Helping disadvantaged young people become healthcare professionals

Pharmacists in Africa play a key role in managing the supply and distribution of drugs for major conditions such as HIV and AIDS, malaria, and tuberculosis. Well-trained pharmacists improve the access to healthcare in rural communities by being able to advise and diagnose patients with minor illnesses.

Malawi, like many countries in Africa, has a critical shortage of health workers. In 2015, the World Bank acknowledged Malawi as the poorest country in the world, with an average gross national income of US$250 per person, with more than half of its population living on less than US$1 a day.

The shortage of health workers has a negative impact on many patient outcomes and Malawi has some of the most shocking health statistics in the world. It remains one of the most dangerous places for women and children, with a maternal mortality ratio of 460 per 100,000 deliveries and 71 per 1,000 children dying before their fifth birthday. The vast majority of deaths are preventable. In 2009, there were just 136 registered pharmacists in the country, serving a population of 16 million people.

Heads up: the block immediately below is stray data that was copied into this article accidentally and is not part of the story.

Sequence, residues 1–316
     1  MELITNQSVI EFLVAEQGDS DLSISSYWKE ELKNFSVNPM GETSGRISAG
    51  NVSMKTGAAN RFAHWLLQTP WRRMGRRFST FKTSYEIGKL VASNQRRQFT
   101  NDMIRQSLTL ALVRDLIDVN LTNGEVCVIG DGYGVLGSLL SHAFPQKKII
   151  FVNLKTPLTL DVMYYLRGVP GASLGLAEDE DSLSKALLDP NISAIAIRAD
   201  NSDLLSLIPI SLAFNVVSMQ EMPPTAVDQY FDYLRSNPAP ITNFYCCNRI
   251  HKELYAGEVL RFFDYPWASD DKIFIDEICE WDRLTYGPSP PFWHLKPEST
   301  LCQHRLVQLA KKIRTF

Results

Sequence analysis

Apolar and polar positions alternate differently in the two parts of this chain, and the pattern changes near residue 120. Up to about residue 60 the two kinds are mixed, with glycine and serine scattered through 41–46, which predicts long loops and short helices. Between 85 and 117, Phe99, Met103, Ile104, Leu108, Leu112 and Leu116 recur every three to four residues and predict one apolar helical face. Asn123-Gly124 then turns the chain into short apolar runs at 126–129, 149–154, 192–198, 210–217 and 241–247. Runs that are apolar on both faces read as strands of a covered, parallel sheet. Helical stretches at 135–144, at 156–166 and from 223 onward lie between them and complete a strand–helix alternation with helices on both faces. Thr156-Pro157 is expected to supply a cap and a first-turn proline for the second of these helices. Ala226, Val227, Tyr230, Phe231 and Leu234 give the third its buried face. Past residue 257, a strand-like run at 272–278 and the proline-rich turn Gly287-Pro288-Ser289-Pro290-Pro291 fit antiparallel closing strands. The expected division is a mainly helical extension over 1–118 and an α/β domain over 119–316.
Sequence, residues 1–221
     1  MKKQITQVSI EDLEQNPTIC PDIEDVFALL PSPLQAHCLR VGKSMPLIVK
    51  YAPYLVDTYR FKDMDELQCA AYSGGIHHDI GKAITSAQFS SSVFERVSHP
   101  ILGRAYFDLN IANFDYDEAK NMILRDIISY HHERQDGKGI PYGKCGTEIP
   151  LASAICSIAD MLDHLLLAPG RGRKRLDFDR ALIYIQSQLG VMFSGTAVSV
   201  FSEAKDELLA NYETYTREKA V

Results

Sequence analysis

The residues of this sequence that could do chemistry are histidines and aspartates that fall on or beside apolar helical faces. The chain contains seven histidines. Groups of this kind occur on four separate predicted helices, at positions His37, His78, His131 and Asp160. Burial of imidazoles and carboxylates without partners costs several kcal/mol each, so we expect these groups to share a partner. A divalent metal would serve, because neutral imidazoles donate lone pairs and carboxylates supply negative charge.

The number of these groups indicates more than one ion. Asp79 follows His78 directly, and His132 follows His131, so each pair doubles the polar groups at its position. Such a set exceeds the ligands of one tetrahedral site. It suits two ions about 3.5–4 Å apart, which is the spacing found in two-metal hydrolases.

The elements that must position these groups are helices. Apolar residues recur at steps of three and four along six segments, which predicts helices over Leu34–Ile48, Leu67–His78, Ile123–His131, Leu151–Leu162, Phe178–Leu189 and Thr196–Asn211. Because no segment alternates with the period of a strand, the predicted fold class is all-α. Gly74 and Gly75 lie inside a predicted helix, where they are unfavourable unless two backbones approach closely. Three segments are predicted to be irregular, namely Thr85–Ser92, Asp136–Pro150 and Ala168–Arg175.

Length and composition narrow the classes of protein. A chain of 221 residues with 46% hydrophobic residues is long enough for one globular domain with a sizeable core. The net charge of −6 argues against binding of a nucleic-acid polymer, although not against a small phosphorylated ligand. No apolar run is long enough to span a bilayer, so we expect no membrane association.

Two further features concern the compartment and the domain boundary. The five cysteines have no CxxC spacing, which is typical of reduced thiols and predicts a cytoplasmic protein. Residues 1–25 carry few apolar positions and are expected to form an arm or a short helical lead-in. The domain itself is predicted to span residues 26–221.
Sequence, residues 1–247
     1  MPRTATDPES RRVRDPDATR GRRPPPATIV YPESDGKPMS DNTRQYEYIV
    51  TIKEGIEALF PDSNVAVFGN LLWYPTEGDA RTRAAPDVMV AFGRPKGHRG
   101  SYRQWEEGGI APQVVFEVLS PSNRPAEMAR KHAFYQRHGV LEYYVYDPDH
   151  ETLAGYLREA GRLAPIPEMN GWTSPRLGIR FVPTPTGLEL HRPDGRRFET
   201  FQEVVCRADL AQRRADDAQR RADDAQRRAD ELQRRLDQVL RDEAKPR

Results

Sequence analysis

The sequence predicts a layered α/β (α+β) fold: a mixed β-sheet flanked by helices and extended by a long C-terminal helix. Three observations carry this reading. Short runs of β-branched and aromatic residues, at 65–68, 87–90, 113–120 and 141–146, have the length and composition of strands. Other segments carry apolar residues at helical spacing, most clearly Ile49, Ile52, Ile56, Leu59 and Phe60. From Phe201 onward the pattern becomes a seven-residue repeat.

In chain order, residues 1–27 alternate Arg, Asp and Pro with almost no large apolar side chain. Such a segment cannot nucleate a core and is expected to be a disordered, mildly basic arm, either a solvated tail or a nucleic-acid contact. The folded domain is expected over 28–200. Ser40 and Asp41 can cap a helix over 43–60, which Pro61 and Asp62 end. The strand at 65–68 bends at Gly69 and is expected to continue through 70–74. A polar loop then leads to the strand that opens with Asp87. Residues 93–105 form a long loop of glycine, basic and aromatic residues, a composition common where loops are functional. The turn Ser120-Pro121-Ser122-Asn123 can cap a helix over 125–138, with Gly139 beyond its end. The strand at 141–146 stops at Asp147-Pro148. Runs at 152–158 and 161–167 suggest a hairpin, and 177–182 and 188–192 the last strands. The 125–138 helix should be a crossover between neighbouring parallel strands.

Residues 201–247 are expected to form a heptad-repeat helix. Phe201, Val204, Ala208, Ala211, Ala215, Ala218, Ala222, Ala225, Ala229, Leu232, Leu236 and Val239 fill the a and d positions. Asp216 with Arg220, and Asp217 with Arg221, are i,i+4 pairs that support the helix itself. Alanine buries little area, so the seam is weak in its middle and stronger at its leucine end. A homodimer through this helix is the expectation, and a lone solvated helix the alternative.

Medic to Medic is a UK registered charity that provides scholarships to disadvantaged young people training to be pharmacists, doctors, physiotherapists and nurses in Malawi and Uganda who are at risk of dropping out of their courses because of financial difficulties. We pay for students’ tuition fees and provide books and equipment, a twice-yearly stationery allowance and a laptop. We also offer salary supplements to graduates during their internship to reduce the financial pressures to emigrate.

There are plenty of ways to get involved with Medic to Medic. Readers can become a regular donor, run a fundraising event, or join our Christmas campaign. Healthcare professionals can even become mentors. Mentors are paired with students who are struggling in their field of expertise. Via emails or Skype, they will help and guide the students on topics and areas they are struggling with. More information is available at (email; call 020 8869 3603).

Sheena Jagjiwan

Programme coordinator

Medic to Medic

Last updated
The Pharmaceutical Journal, PJ, December 2015, Vol 295, No 7884;295(7884):DOI:10.1211/PJ.2015.20200034

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